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Cannabidiol: a promising drug for neurodegenerative disorders?

Abstract

Neurodegenerative diseases represent, nowadays, one of the main causes of death in the industrialized country. They are characterized by a loss of neurons in particular regions of the nervous system. It is believed that this nerve cell loss underlies the subsequent decline in cognitive and motor function that patients experience in these diseases. A range of mutant genes and environmental toxins have been implicated in the cause of neurodegenerative disorders but the mechanism remains largely unknown. At present, inflammation, a common denominator among the diverse list of neurodegenerative diseases, has been implicated as a critical mechanism that is responsible for the progressive nature of neurodegeneration. Since, at present, there are few therapies for the wide range of neurodegenerative diseases, scientists are still in search of new therapeutic approaches to the problem. An early contribution of neuroprotective and antiinflammatory strategies for these disorders seems particularly desirable because isolated treatments cannot be effective. In this contest, marijuana derivatives have attracted special interest, although these compounds have always raised several practical and ethical problems for their potential abuse. Nevertheless, among Cannabis compounds, cannabidiol (CBD), which lacks any unwanted psychotropic effect, may represent a very promising agent with the highest prospect for therapeutic use.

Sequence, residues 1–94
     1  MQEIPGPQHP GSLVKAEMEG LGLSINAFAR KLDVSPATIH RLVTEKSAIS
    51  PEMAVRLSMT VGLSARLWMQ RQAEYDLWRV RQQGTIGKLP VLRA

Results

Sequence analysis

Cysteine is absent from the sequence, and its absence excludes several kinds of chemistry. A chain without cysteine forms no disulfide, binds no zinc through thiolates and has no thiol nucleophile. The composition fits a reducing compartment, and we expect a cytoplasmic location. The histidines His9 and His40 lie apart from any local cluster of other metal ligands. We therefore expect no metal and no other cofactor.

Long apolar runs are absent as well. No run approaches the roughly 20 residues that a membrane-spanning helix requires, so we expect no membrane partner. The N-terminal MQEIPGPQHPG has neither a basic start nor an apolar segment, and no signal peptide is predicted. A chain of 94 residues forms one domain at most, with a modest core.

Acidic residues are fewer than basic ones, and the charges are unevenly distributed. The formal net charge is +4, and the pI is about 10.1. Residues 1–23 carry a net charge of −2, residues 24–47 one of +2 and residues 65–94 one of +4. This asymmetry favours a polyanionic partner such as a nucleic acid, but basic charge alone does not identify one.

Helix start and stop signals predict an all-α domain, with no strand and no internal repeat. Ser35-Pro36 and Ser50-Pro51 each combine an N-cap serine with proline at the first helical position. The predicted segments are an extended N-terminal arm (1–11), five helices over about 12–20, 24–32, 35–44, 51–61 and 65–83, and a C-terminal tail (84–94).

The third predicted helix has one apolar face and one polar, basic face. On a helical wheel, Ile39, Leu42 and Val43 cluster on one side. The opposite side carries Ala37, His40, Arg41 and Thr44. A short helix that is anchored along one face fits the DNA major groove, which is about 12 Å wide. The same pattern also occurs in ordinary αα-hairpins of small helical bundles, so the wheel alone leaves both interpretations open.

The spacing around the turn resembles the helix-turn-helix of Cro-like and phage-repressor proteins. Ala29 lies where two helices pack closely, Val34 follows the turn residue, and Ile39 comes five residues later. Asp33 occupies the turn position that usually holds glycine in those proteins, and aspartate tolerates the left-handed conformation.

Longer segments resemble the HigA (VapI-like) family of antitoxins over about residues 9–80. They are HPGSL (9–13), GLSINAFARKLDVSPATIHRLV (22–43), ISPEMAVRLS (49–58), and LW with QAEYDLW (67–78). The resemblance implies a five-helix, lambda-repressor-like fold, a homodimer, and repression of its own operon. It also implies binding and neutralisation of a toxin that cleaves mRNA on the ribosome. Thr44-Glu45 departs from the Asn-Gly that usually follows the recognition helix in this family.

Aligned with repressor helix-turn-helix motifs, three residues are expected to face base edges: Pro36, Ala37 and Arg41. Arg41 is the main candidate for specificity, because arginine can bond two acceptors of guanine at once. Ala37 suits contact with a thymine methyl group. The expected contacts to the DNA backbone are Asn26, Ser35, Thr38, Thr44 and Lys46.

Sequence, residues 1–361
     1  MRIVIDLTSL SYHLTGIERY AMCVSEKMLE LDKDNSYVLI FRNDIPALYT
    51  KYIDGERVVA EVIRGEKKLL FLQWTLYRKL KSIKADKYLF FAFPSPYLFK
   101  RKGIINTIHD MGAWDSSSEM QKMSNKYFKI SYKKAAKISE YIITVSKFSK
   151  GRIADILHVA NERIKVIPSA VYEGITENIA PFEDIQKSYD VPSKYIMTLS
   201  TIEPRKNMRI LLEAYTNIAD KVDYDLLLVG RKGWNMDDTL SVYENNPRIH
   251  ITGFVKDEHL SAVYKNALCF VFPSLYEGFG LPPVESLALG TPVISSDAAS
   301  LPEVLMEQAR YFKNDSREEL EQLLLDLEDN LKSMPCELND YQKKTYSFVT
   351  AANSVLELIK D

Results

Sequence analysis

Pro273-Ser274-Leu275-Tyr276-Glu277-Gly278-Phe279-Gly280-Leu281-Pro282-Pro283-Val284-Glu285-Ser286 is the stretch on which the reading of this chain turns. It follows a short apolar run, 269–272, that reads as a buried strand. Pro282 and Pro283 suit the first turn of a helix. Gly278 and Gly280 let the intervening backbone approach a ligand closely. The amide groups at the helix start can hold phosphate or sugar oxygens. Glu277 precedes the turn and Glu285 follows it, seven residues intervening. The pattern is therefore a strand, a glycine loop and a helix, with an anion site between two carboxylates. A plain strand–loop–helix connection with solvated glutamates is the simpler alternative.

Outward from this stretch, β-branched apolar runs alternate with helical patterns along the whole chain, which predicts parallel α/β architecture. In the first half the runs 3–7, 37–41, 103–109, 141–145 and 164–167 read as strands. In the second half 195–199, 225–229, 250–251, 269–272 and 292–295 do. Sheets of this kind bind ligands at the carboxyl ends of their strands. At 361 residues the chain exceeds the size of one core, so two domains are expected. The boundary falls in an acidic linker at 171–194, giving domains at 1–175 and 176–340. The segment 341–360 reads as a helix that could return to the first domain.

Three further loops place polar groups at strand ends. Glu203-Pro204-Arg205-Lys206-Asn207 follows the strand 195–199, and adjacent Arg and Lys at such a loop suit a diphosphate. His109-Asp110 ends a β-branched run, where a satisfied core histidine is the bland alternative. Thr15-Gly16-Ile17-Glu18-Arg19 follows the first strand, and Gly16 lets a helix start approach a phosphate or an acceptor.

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  • Publisher Full Text
  • Authors

    Iuvone T, Esposito G, De Filippis D, Scuderi C, Steardo L

    Source

    MeSH

    Alzheimer Disease
    Animals
    Cannabidiol
    Cytoprotection
    Disease Models, Animal
    Humans
    Huntington Disease
    Multiple Sclerosis
    Neurodegenerative Diseases
    Neuroprotective Agents
    Parkinson Disease
    Prion Diseases

    Pub Type(s)

    Journal Article
    Research Support, Non-U.S. Gov't
    Review

    Language

    eng

    PubMed ID

    19228180